000267904 001__ 267904
000267904 005__ 20180207174440.0
000267904 037__ $$a1187-2018-651
000267904 041__ $$aeng
000267904 245__ $$aLandowner Conservation Attitudes and Behaviors in the Prairie Pothole Region
000267904 260__ $$c2018
000267904 269__ $$a2018-01-01
000267904 300__ $$a31
000267904 336__ $$aReport
000267904 490__ $$aAgribusiness & Applied Economics No. 781
000267904 520__ $$aLong-term and widespread wetlands conservation within agricultural working lands remains tenable. There exists a need to identify alternative options for incentivizing wetland maintenance on private property. The objective of this research is to facilitate development of viable options by developing an understanding of how landowners view conservation, including that specifically targeted towards maintenance of wetlands, and what influences their decision regarding conservation program participation. Landowners in the five-state Prairie Pothole Region were surveyed. Most landowners supported use of incentives for wetlands conservation. Fewer supported the options of incentivized regulation, easements, and regulation. Landowners identified contract attributes including payment level and guaranteed source of income as important in their decision-making regarding conservation program participation. Effect of program participation on soil quality and erosion control were also considered important. Other program attribute and external effect factors were of moderate importance, and impact on neighboring properties was not considered important. Revealed decision criteria differed between groups defined by operation as including livestock, residence as on-farm, gender, previous or current participation in the Conservation Reserve Program, and support of various policy options for wetlands conservation.  Attitudinal questions revealed that landowners in general agreed that they should be consulted on wetlands programs, promoting healthy ecosystems is a landowner’s responsibility, and landowners have the right to decide land use, should be compensated for land use choices that benefit the environment, including for maintenance of wetlands, and should be able to farm wetlands. They agreed that wetlands are important for wildlife and their conservation is important, although agreement that it is important to protect wetlands on private and public lands and especially that small wetlands benefit their operations tended toward neutral. Landowners were neutral on whether current conservation programs are effective and there should be regulations to control the conversion of naturally-occurring wetlands on agricultural land. Landowners with a CRP contract history were more supportive of the role of and need to protect wetlands, and had a lower level of agreement that decisions on land use are their right and that landowners should be able to farm their wetlands than those without. Members of general and crop-specific farm organizations were more strongly in agreement with landowners’ rights than non-members and less supportive of the role of wetlands and the need and policy tools to protect them. Members of Farmers Union and three crop commodity organizations also more strongly agreed that farmers should receive compensation when land use choices benefit the environment than non-members. Alternatively, conservation organization member agreement was higher than that of non-members that small wetlands benefit their operations, that it is important to protect wetlands, and that conservation of wetlands is important, and was lower for statements reflecting landowner rights.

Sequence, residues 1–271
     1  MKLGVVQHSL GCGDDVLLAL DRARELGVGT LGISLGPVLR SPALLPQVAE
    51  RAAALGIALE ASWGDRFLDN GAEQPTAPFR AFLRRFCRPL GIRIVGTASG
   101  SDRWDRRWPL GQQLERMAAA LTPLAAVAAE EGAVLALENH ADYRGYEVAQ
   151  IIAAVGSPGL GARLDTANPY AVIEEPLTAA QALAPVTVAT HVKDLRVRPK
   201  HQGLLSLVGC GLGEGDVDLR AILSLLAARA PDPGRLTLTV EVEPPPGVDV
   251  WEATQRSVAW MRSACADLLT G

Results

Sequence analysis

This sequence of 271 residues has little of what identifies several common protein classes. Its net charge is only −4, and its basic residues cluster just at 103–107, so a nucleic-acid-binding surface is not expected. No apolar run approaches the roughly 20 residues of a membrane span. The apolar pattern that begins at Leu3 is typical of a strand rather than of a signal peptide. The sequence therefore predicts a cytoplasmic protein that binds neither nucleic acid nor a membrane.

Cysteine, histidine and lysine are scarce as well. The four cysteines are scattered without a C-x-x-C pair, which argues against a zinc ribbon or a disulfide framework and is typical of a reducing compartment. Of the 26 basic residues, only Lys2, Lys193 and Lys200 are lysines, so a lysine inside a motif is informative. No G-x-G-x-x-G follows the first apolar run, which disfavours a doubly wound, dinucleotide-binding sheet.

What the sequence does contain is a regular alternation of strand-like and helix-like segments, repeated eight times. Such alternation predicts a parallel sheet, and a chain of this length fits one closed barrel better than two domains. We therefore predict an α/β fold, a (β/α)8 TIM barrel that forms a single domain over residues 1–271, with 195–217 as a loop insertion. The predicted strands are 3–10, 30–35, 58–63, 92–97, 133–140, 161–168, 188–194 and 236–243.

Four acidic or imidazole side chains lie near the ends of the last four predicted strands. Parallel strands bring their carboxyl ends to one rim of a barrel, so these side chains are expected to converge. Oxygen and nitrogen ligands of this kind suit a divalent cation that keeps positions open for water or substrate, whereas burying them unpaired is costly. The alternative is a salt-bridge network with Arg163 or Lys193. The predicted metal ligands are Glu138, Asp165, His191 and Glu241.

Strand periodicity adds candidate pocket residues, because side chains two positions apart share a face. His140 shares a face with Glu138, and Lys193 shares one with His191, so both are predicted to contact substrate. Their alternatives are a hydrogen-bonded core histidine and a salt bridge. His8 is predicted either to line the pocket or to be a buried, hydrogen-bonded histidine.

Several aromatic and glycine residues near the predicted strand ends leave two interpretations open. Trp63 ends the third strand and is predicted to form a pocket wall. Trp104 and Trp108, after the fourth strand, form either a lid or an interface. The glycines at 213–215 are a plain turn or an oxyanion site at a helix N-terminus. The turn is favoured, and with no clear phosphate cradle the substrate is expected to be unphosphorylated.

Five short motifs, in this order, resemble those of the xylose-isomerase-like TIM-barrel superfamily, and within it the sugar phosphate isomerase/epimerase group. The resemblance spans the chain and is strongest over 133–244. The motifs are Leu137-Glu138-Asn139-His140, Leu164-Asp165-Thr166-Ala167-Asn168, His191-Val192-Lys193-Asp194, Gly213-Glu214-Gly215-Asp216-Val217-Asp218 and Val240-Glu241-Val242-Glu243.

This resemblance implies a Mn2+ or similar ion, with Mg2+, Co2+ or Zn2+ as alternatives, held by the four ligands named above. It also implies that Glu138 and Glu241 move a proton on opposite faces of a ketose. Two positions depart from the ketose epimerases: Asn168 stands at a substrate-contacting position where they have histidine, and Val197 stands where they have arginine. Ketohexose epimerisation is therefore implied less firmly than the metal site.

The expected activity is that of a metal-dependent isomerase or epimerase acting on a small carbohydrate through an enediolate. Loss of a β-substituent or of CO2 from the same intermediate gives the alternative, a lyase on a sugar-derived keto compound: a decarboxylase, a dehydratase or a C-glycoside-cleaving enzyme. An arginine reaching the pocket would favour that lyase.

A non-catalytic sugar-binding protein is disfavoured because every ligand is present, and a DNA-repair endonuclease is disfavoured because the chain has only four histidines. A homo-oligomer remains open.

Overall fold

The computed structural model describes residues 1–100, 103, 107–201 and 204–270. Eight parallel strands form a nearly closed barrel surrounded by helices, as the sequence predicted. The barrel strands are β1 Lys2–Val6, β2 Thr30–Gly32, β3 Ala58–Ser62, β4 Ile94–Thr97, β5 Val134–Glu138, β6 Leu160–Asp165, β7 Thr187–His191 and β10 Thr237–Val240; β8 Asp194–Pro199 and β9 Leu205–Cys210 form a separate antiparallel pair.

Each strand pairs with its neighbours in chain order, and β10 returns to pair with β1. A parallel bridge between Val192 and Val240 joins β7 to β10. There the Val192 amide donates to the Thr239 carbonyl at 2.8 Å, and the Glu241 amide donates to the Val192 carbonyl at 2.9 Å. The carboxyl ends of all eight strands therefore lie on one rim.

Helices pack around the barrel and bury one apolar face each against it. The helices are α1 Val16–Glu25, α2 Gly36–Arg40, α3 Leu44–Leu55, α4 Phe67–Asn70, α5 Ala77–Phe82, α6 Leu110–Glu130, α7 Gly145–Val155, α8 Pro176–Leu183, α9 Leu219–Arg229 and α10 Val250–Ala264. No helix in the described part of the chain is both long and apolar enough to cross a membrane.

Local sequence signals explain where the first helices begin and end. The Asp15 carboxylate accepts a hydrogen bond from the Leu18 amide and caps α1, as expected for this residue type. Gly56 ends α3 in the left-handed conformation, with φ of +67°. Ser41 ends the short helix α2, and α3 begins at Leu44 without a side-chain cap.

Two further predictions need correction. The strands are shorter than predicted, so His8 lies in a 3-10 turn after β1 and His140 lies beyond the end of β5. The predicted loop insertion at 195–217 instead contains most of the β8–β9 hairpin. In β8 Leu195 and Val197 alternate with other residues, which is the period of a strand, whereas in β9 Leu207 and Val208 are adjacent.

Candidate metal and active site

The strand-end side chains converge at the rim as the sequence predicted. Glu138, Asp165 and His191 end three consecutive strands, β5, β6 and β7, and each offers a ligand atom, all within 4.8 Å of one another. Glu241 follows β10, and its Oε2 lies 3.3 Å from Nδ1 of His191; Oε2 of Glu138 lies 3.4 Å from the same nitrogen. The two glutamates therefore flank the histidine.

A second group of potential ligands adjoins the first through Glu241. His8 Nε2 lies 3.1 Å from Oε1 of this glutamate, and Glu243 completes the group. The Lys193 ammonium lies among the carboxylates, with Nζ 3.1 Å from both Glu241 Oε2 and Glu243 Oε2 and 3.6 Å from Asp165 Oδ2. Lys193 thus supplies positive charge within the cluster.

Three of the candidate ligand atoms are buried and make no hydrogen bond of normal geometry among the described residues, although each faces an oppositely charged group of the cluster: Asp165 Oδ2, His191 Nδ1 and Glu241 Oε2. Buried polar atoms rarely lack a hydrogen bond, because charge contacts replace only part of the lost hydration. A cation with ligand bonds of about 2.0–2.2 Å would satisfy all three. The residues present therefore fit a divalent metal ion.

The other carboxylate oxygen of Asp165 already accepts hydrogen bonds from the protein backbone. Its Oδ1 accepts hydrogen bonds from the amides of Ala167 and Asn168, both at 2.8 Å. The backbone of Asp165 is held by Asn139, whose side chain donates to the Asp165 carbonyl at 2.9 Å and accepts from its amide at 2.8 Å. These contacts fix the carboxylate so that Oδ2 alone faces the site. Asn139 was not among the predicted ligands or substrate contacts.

000267904 542__ $$fBy depositing this Content ('Content') in AgEcon Search, I agree that  I am solely responsible for any consequences of uploading this Content to AgEcon Search and making it publicly available, and I represent and warrant that: I am either the sole creator and the owner of the copyrights and all other rights in the Content; or, without obtaining another’s permission, I have the right to deposit the Content in an archive such as AgEcon Search. To the extent that any portions of the Content are not my own creation, they are used with the copyright holder’s express permission or as permitted by law. Additionally, the Content does not infringe the copyrights or other intellectual property rights of another, nor does the Content violate any laws or another’s rights of privacy or publicity. The Content contains no restricted, private, confidential, or otherwise protected data or information that should not be publicly shared. I understand that AgEcon Search will do its best to provide perpetual access to my Content. In order to support these efforts, I grant the Regents of the University of Minnesota ('University'), through AgEcon Search, the following non-exclusive, irrevocable, royalty-free, world-wide rights and licenses: to access, reproduce, distribute and publicly display the Content, in whole or in part, in order to secure, preserve and make it publicly available, and to make derivative works based upon the Content in order to migrate the Content to other media or formats, or to preserve its public access. These terms do not transfer ownership of the copyright(s) in the Content. These terms only grant to the University the limited license outlined above.
000267904 546__ $$aEnglish
000267904 650__ $$aEnvironmental Economics and Policy
000267904 650__ $$aFarm Management
000267904 650__ $$aLand Economics/Use
000267904 6531_ $$aWetlands, Working lands, Conservation, Prairie Pothole Region
000267904 700__ $$aCheryl J. Wachenheim
000267904 700__ $$aJohn Devney
000267904 8560_ $$fedie.nelson@ndsu.edu
000267904 8564_ $$s180331$$uhttp://ageconsearch.umn.edu/record/267904/files/AAE781.pdf
000267904 8564_ $$s1660173$$uhttp://ageconsearch.umn.edu/record/267904/files/AAE781.pdf?subformat=pdfa$$xpdfa
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